Driver turns back on train, loses it


#22

Why does the teaser image have a G&W loco, when the BHP livery is so much more radical?


#23

That’s why I was confused, because Democrat is a US term for a party there. And while there is a Liberal Democratic party in Australia, I don’t think they’re very big nor call themselves “Democrats”.


#24

For one thing, the trains drive on the left side.


#25

I learned from the Gene Wilder/Richard Pryor comedy-thriller Silver Streak (1976) that a train’s dead man switch can be defeated by putting a toolbox on the pedal.


#26

See, I thought of this, but only because I used to do it as a dramatic interpretation for speech competitions. I did not win any.


#27

For around 50 minutes, the 1.2-mile locomotive sped along with 268 wagons in tow until authorities decided to remotely derail it from BHP’s operations center almost 1,000 miles away in Perth.

The locomotive got free when its driver stepped out of his cab to check on one of the wagons. However, before he could get back in, the train had already set off on its unplanned journey. “While the driver was outside of the locomotive, the train commenced to run away,” the Australian Transport Safety Bureau explained.

I still cant figure out what happened.

The driver could not get back in his cab (locked out?).

The ATSB remotely controlled the train and decoupled cab from the wagons, so the cab would (only) derail at a certain known place on the tracks. [They can remotely decouple cars but cannot remotely brake a runaway train? OK…]

They also say “the locomotive got free when its driver stepped out. But before he could get back in the train had already set out on its unplanned journey.” Presumably the “unplanned” part was the derailment. But “before he could get back in” makes it sound like he was trying to get back in and then the cab somehow separates on its own.

It doesn’t seem clear what happened. Why couldnt the engineer get back in? The decoupling was intentional, so that only the cab derailed, yes? What part of the journey was “unplanned”-- did they shunt the cab onto a different line for the derailment?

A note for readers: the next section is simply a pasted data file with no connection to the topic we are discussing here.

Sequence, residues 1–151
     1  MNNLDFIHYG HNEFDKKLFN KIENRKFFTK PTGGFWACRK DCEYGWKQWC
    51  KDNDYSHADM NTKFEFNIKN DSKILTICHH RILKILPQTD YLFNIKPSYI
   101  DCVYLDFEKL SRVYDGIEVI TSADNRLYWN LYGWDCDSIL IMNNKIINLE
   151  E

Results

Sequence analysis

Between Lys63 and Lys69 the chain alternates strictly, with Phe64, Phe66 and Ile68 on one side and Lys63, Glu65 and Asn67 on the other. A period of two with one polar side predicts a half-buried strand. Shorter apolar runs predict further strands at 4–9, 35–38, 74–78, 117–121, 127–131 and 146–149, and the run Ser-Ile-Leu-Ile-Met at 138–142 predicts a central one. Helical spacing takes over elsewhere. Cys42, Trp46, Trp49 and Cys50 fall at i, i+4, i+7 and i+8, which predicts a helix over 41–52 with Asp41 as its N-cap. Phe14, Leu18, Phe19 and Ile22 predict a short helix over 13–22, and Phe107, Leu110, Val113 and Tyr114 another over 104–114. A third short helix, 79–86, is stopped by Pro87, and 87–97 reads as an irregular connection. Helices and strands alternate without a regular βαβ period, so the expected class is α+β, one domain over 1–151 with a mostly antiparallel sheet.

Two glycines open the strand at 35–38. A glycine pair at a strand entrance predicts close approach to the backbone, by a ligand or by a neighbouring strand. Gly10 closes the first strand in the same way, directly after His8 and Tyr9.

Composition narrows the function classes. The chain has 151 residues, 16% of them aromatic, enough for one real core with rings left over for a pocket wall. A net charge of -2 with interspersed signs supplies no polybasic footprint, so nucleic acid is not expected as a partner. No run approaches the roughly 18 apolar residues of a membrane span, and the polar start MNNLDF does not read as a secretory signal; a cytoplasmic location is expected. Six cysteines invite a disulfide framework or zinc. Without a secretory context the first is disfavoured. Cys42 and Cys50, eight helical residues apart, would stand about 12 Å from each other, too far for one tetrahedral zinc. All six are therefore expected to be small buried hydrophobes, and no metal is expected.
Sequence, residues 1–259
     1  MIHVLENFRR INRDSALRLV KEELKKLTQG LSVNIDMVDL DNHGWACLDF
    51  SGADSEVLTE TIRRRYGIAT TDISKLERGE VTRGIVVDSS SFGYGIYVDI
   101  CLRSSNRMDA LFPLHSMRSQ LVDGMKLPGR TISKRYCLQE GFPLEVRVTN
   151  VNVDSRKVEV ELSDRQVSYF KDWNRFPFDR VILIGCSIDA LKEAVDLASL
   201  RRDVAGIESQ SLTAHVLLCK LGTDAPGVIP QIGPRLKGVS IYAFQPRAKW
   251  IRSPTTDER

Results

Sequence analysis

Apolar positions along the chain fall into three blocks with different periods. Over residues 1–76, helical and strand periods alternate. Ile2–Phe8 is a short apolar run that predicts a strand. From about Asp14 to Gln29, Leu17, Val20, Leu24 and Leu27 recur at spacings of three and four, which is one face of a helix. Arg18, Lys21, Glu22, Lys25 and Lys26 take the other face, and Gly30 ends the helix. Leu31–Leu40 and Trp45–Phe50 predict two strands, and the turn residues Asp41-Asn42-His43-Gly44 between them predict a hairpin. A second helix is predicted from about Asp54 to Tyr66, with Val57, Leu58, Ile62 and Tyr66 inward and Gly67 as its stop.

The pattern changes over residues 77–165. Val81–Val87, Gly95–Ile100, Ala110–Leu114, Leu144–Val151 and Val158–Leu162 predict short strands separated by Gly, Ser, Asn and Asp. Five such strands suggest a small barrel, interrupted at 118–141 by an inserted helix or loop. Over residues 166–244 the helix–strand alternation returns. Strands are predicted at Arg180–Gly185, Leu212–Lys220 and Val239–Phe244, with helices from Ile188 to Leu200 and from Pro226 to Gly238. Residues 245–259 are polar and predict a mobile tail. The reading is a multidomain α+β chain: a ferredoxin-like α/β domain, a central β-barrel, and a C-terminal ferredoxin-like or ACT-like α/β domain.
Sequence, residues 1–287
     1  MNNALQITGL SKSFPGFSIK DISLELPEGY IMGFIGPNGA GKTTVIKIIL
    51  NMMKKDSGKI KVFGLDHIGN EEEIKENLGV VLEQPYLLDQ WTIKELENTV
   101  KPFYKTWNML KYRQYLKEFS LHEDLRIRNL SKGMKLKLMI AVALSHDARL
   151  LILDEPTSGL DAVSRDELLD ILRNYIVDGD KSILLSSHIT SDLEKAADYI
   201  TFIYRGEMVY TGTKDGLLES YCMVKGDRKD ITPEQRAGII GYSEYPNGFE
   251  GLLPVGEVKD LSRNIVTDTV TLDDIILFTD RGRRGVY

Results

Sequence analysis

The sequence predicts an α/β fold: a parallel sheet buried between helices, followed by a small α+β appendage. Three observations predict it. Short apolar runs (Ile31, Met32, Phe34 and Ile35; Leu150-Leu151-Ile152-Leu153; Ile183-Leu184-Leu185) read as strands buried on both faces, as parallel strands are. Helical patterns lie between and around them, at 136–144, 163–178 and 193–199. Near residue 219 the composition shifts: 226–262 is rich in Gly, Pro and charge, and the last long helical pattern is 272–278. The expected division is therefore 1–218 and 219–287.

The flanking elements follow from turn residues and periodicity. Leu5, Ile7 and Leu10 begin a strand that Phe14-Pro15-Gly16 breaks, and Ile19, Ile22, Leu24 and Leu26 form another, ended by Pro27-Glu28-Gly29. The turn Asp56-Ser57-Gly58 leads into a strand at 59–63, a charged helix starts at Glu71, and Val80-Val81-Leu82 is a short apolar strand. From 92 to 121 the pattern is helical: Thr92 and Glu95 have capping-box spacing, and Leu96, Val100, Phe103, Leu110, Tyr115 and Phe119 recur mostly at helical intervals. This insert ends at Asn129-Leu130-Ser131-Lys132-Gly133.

Thread derail: achievement unlocked!


#28

“until authorities decided to remotely derail it from BHP’s operations center almost 1,000 miles away in Perth”

Got to watch those unattended trains sneaking into your operations centre.


#29

Its happened before

@petzl

Its a very long freight train and it looks like he had to walk back a long way to investigate a problem. When it started to run away he was too far from the cabin to jump back in.


#30

An autopilot for a train would be dead easy, but I doubt the unions would approve. You’d think the government would mandate at least automatic speed controls (linked to gps).


#32

From the BBC:

In July, rival company Rio Tinto said it had become the world’s first miner to complete a heavy freight journey with new driverless train technology.

Why, they’re just trying to keep up with the Joneses!


#33

Sad, pale echo, but it’s kind of startling that he still had the use of all his limbs after what he did at the height of his career:


#34

If I were to lose my train, I would lose it, too.


#35

Ahhh… that’s brilliant. The General is one of my favorite silent films – I adore Buster Keaton even more than Charlie Chaplin. And this, according to wikipedia is one his last films, and his last silent films. Far out.

This kind of chronicles the end of many different eras – there’s all this live steam rolling stock, but there are no steam engines – 65’ is the official era of diesel-ization at least in the west. And with Keaton’s passing, this is the end of silent films.


#36

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